It's a fashionista's paradise: 125 pairs of shoes tucked inside plastic boxes, 50 pairs of jeans, and shirts, pants and other clothes hanging wall to wall.
But that's not the store. It's the store owner's closet in her Dunedin home.
Actually, Carrie Pruiett, 43, has so many clothes and shoes of her own that she can't fit them all in a closet. She uses an entire bedroom of her home to house her personal fashion finds.
Turning her love of style into a business, Pruiett opened her own clothing store 13 years ago in Largo. Off the Rack sells new and secondhand items for teenage girls and boys and young women. It enables her to share her love of designer brands like Lucky, True Religion and Bebe with customers.
Nicole McDermott, 30, of Belleair has shopped at Off the Rack for 12 years. Her mother, friends and daughter also like the store.
"She has great stuff — really nice and hip, at good prices," McDermott said. "She has a lot of BCBG and Express. She's got a lot of boutique items that other consignment shops do not have."
McDermott said she sells back her own clothes as well as buys new ones at Pruiett's shop.
"I shop a lot," she said.
Another reason Pruiett opened the store was to escape the marketing job she had in the corporate world for a dozen years.
"My heart wasn't in it," she said. "I wanted to open my own high-end boutique. I didn't have the financial backing to do that, so I decided I'll try to cater to an untapped market," including women in their 20s, 30s and 40s and teenagers. "Luckily it turned out pretty good.
"I liked the trendier, cuter stuff, and all the consignment shops were more for grownups," Pruiett said. "So I just figured I'll do one that caters more to the youthful.
"I wanted to run it like a typical boutique, where you have your vendors and you purchase your product and you sell it. But now my vendors, instead of being companies, would be individuals. So I just kind of took the ideas that a lot of the children's stores did and applied it to the teen-to-college-age sector."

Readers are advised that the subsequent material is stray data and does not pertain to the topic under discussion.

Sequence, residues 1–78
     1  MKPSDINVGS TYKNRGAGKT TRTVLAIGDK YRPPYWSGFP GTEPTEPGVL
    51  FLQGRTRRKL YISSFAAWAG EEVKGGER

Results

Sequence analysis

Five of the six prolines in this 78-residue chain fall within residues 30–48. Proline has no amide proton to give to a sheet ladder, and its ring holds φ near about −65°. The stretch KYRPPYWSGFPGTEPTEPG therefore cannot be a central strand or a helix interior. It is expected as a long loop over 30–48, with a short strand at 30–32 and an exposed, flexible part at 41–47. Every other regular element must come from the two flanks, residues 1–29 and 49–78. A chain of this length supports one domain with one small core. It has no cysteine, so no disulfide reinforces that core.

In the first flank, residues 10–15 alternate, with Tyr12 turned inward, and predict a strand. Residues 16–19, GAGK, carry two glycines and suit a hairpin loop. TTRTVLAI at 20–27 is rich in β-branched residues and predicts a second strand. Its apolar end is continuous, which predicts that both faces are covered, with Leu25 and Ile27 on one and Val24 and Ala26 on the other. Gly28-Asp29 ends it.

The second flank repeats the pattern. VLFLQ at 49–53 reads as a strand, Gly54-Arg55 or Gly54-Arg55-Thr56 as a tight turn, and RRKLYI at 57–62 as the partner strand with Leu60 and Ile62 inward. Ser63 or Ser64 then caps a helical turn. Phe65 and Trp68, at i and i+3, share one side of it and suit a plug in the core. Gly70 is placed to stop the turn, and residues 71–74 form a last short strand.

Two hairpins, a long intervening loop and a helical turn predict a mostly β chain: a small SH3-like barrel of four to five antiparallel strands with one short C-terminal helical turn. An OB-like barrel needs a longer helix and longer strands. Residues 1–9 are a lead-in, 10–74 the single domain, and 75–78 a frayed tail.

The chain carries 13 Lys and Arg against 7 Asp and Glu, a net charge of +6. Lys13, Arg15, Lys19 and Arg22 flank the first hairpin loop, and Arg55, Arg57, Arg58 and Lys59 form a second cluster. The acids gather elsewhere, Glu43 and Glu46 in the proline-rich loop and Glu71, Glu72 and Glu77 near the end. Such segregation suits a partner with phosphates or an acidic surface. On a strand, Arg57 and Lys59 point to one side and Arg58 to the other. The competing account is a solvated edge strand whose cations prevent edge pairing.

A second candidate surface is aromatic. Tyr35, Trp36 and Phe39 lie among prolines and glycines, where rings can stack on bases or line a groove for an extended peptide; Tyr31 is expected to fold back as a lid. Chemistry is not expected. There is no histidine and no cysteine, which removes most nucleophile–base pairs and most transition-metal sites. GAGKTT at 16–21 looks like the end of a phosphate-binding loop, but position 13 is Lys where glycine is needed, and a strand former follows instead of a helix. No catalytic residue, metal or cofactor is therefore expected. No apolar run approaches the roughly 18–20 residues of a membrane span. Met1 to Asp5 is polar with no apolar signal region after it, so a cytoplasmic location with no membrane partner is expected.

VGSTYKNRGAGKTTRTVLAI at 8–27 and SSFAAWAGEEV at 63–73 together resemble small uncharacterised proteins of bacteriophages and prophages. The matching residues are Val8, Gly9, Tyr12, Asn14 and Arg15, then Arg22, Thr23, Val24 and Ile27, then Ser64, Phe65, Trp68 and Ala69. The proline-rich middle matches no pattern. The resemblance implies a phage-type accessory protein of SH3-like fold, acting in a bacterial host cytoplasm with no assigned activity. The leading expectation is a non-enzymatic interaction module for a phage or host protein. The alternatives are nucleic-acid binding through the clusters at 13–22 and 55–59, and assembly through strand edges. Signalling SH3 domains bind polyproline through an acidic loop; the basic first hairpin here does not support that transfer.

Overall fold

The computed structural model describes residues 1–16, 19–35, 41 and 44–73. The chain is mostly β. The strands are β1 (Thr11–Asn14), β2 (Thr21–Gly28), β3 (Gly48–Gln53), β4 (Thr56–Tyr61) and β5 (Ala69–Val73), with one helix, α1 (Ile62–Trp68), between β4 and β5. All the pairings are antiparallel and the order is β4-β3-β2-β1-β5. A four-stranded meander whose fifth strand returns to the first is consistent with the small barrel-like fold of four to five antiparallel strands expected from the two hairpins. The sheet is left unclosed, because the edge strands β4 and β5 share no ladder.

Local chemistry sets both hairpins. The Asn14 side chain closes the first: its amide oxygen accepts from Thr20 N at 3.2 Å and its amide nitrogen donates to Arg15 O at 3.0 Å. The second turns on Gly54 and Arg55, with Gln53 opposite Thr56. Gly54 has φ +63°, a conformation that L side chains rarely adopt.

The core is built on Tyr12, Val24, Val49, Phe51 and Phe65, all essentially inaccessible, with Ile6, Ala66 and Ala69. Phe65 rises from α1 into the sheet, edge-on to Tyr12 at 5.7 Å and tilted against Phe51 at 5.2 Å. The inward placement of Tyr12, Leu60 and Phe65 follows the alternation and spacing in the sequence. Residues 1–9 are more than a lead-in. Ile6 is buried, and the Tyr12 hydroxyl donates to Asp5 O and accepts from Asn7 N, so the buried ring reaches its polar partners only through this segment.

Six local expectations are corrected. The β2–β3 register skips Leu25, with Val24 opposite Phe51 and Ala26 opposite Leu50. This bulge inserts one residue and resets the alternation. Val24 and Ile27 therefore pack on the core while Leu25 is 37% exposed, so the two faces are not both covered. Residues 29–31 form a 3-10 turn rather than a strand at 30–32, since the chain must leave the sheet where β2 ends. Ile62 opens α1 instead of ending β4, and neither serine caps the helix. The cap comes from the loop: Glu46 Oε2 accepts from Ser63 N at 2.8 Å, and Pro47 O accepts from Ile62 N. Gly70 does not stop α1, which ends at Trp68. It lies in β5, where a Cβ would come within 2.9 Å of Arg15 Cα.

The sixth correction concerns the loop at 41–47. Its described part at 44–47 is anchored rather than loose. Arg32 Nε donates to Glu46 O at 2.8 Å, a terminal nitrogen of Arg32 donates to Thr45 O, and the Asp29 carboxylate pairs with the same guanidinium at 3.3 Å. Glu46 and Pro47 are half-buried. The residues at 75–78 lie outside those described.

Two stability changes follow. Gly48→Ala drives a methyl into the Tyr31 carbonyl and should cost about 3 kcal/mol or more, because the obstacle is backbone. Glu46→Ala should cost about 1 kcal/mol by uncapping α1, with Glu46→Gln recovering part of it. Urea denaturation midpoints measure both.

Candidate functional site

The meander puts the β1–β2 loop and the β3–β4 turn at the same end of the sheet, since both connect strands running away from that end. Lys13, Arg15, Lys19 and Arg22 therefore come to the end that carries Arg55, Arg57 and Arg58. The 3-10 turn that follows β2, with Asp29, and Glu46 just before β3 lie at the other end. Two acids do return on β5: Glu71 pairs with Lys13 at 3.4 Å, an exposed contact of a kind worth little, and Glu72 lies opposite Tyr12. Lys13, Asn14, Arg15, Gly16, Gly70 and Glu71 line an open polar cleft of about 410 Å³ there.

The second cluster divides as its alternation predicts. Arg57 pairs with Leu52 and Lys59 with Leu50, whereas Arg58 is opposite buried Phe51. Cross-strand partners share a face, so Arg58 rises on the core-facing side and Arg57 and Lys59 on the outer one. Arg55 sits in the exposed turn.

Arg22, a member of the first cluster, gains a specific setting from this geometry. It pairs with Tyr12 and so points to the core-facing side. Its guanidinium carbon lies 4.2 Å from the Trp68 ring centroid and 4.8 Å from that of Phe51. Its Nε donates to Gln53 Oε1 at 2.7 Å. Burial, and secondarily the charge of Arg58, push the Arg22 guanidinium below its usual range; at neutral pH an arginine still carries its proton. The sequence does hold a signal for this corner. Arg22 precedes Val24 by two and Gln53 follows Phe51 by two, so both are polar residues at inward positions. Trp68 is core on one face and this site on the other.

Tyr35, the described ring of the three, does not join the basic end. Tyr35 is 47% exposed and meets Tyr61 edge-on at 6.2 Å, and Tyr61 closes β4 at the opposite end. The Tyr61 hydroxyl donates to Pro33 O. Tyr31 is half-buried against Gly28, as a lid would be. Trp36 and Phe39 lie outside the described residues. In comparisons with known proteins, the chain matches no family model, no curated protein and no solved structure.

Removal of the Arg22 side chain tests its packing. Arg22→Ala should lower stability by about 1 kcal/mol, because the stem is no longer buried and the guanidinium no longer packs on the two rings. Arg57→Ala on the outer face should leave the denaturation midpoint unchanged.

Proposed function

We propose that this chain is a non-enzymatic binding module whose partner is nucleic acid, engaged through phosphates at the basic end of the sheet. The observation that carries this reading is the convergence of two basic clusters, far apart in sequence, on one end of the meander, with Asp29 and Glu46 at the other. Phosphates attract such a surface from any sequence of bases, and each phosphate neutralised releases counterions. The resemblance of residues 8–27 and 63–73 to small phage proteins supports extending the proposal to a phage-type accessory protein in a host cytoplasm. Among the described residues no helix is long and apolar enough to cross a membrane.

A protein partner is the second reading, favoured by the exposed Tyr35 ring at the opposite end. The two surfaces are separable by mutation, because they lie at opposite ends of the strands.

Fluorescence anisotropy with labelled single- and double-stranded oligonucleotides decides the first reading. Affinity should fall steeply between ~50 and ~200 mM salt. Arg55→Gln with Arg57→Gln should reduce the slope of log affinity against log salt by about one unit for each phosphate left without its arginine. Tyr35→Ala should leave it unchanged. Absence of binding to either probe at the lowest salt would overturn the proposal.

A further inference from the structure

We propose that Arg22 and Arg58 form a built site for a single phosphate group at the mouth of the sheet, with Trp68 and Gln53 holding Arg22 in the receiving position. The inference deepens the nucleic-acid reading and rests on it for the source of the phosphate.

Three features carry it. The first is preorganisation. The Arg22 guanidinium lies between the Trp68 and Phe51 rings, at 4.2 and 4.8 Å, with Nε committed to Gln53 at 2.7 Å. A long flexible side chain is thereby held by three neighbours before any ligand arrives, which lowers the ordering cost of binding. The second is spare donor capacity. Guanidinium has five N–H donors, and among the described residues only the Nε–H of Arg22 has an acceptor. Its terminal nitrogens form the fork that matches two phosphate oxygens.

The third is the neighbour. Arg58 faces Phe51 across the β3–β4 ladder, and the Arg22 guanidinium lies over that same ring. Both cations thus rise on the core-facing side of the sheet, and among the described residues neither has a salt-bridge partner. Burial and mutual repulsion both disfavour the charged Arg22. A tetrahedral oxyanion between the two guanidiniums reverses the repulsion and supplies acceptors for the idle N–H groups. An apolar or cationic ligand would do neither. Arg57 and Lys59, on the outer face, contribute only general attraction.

That philosophy has worked and kept Pruiett in business through some rough times. She said 2009 was the store's worst year for back-to-school sales.
"Last year is when we really started noticing that we were getting the same number of people, but they weren't buying as many items when they came in and maybe they weren't coming in quite as often," Pruiett said. "People are being a lot pickier."
Amber Dees, 33, said she's "very, very picky," but she frequently steps into Off the Rack for the brands like Bebe and Cachet.
"I've been shopping there for seven years now, and I've found some of my favorite things there," said Dees, who used to live in Clearwater but now drives over from Tampa.
McDermott said she shops at Off the Rack for the clothes but also for the personal attention Pruiett provides.
"I think she's wonderful … always bright and happy," McDermott said. "She knows what I like. She'll call me on the phone and tell me when stuff comes in that's my size or a Coach purse.
"She knows more about labels and brands than anyone I've ever known. She cannot only tell you about the brand, but how long it's been around and the average cost."
Pruiett treasures that bond.
"I have a personal relationship with my customers," she said. "Many are older than you'd think. We have tons of customers in their 30s and 40s."
She's happy with her business.
"I don't know if I would want more than one store," she said. "I like it being one store where we know everybody. That's why I left corporate, to make it more personal."